TechKNOW Tomorrow – Synthetic mRNA and the Future of Biotechnology

Image by CDC via Unsplash.

Twenty years ago, we began work on an exciting new technology called synthetic messenger RNA (mRNA), unaware of how significant it would become throughout the 2020s. As the world was torn apart by COVID-19 last year, scientists turned to “mRNA as a way to create potential vaccines; in late December 2020, at a time when more than 1.5 million had died from COVID-19 worldwide, the vaccines were approved in the U.S., marking the beginning of the end of the pandemic“.

Today, thanks to this medical breakthrough and the swift, arduous work of biotechnology firms, people throughout the world are finally receiving their first or second vaccination for the virus. Going forward, these vaccines could potentially be what slows and eventually stops the spread of the virus – as well as any mutations. Therefore, it might be a good idea to better understand what synthetic mRNA is exactly.

Synthetic mRNA

mRNA is a naturally-occurring molecule found in the human body similar to DNA. The trillions of cells in the human body are all involved in the process of gene expression, which essentially helps make each of us unique. Synthetic mRNA is natural mRNA combined with technology to synthesize something unique, sort of like biological software or a cyborg cell.

Image by CDC via Unsplash.

Biotech firms can possibly control gene expression “by making precise tweaks to synthetic mRNA and injecting people with it, [so that] any cell in the body could be transformed into an on-demand drug factory“. Viruses use proteins to give commands to cells, such as replicating a bad cell until the entire body is infected. mRNA can simulate this process by masquerading as these virus cells and triggering an immune response.

We’ve seen this firsthand with the speed at which the Pfizer and Moderna vaccines were developed, and with their approval by the FDA. Both vaccines are able to trigger our immune systems to develop protective antibodies without the need for COVID-19 to be present in the body.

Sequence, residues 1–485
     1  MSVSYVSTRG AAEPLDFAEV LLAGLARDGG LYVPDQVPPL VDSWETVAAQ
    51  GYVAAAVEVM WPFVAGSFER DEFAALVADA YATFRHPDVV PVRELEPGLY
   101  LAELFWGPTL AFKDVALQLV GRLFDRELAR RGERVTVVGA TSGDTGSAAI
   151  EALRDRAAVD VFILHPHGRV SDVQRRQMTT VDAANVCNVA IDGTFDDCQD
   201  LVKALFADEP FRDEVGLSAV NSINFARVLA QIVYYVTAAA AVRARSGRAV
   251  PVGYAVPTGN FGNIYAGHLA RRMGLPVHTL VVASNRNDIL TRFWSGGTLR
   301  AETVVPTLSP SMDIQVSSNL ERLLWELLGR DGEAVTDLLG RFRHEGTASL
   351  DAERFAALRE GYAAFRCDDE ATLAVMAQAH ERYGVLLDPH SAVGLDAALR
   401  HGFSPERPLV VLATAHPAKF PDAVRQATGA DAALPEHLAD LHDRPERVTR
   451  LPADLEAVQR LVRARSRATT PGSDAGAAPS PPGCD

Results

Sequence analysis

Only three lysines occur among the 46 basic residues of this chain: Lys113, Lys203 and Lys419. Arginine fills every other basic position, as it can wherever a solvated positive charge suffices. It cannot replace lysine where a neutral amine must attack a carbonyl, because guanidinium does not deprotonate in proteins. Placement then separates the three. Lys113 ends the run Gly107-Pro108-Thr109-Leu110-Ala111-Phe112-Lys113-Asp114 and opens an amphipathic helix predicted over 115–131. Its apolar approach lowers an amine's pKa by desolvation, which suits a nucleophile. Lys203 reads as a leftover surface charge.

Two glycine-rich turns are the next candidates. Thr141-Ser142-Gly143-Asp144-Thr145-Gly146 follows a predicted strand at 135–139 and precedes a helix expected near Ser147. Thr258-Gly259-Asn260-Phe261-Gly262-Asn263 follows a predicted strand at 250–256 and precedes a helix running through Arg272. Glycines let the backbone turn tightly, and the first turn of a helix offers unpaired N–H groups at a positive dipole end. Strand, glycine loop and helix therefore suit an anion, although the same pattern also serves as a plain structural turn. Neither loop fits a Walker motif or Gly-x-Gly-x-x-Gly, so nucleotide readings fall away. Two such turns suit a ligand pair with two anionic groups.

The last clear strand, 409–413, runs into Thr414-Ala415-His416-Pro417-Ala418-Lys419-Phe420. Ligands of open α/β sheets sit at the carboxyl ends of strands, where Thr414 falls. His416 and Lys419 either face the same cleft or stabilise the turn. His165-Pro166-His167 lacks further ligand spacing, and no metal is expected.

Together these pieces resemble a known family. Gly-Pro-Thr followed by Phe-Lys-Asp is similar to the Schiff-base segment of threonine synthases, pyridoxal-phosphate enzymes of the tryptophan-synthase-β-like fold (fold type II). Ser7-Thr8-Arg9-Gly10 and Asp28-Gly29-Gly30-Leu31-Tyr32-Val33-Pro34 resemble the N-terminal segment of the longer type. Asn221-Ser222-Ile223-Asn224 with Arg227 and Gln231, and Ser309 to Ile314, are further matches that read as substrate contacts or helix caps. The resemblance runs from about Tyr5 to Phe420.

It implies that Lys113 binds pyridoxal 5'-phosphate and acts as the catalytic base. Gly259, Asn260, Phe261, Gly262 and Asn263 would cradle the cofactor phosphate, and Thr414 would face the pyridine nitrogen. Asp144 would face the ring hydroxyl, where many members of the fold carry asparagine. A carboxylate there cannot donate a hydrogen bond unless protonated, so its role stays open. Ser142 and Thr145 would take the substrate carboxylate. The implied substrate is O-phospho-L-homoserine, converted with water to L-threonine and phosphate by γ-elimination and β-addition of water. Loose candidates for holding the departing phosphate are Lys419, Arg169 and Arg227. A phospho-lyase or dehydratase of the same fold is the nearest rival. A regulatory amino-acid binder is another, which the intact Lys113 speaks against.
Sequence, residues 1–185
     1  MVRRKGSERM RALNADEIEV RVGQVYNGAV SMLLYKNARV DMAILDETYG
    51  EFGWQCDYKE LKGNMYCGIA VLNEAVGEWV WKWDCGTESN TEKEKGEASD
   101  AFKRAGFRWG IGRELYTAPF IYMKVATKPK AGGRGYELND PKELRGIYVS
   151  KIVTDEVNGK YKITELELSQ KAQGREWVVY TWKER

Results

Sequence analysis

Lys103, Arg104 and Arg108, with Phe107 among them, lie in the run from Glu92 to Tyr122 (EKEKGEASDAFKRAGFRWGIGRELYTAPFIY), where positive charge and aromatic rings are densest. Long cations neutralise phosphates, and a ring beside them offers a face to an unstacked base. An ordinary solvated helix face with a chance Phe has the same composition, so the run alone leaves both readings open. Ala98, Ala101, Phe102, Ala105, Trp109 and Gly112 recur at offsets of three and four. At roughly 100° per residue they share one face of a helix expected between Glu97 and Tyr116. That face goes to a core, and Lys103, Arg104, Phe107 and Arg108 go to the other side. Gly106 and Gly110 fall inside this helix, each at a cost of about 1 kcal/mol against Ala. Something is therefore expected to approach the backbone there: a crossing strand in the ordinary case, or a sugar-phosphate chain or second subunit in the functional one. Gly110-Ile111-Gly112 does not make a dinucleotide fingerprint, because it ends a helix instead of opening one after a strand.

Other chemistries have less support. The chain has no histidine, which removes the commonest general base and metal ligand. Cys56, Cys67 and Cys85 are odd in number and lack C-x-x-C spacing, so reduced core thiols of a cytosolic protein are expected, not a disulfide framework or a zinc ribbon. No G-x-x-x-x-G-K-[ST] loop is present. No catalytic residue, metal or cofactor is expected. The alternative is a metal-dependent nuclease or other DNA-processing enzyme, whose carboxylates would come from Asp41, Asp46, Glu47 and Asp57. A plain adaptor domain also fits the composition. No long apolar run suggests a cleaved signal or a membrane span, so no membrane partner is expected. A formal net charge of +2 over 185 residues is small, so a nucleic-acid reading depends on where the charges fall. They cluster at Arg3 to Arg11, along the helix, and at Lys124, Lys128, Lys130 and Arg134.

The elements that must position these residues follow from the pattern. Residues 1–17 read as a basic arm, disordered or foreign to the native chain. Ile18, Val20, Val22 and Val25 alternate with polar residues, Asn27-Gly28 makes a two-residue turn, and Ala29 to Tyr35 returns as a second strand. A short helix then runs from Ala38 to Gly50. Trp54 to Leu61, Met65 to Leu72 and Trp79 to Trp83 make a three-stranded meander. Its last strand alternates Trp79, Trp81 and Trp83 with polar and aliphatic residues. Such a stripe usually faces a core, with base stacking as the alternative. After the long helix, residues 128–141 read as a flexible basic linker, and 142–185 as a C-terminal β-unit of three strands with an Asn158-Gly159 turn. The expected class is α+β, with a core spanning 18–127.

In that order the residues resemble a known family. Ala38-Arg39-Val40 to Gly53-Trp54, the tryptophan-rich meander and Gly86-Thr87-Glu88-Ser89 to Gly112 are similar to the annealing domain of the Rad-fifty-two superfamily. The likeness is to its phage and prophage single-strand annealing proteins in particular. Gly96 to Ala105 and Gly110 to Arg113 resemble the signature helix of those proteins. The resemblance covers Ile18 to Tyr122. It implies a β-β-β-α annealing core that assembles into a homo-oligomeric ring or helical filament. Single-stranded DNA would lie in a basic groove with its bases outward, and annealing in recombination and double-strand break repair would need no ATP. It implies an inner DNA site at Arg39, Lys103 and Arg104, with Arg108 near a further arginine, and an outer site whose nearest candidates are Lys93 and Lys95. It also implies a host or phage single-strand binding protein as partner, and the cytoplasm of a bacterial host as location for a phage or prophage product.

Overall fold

Before, an inactivated vaccine was commonly used to treat viruses by introducing dead or dying cells into our systems to give our bodies an idea of what exactly these potential threats look like. With synthetic mRNA, that might no longer be necessary.

Why this Breakthrough is Important

COVID vaccines like Pfizer and Moderna have proven that synthetic mRNA finally has a place in the medical world, hinting at a future in which similar vaccines can be developed to deal with other infectious diseases such as malaria and ebola. Because we can easily manipulate mRNA, we should also be able to alter vaccines in case COVID-19 continues to mutate into alternate and more deadly strains.

Not only could vaccines for infectious diseases be finally treatable with mRNA – influenza, rabies, and HIV are all already undergoing human trials – but they could also be developed within three or four months. While this might seem overly optimistic, this discovery may have revolutionized modern medicine entirely: “mRNA vaccines can be used to target almost any pathogen. … You put in the code for a particular protein that stimulates an immune response. … It’s essentially unlimited.”

Of course, only time will tell.

. . .

At techKNOWtutors, we realize that adapting to technology isn’t easy. Although most services have closed, we remain open – digitally – to answer your internet-related questions. If you need help with improving your digital literacy, send us an email at or join our Facebook group and send us a message.

Better yet, sign up for one of our online classes that we offer for FREE every week! Until then, stay in the techKNOW.


  1. sedep01 says:

    This mRNA information is so useful. Although I’ve had already my two Pfizer shots and trusted the WHO and the ethics of most governments, I didn’t know about the unlimited possibilities of this modern and technological breakthrough in Medicine. It makes me very proud and happy to have overcome my doubts and fears and now be part of this new technological era, that more than harming us, I’m sure it will bring much benefits for all the world.
    Thank you TechKNOWtutors and thank you Kyle Wiseman for your clear, concise and informative article.
    Have a great day.

    Liked by 1 person

    1. Kyle Wiseman says:

      Glad that you’re enjoying the articles, Sergio! While technology certainly has its drawbacks, it can ultimately be used as a force for good medically, environmentally, and mentally (e.g., preventing isolation). Thank you for the comment, Sergio! Enjoy your day!

      Liked by 1 person

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